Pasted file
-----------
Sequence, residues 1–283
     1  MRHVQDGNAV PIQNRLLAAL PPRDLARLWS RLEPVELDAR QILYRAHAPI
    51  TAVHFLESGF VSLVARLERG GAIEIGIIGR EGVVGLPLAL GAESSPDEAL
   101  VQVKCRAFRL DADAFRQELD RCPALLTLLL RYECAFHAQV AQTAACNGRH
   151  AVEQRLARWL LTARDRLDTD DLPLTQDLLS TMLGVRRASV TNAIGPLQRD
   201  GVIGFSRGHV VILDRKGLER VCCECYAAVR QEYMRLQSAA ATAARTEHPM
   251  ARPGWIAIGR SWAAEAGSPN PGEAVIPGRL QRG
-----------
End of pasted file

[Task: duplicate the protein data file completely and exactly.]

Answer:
Sequence, residues 1–283
     1  MRHVQDGNAV PIQNRLLAAL PPRDLARLWS RLEPVELDAR QILYRAHAPI
    51  TAVHFLESGF VSLVARLERG GAIEIGIIGR EGVVGLPLAL GAESSPDEAL
   101  VQVKCRAFRL DADAFRQELD RCPALLTLLL RYECAFHAQV AQTAACNGRH
   151  AVEQRLARWL LTARDRLDTD DLPLTQDLLS TMLGVRRASV TNAIGPLQRD
   201  GVIGFSRGHV VILDRKGLER VCCECYAAVR QEYMRLQSAA ATAARTEHPM
   251  ARPGWIAIGR SWAAEAGSPN PGEAVIPGRL QRG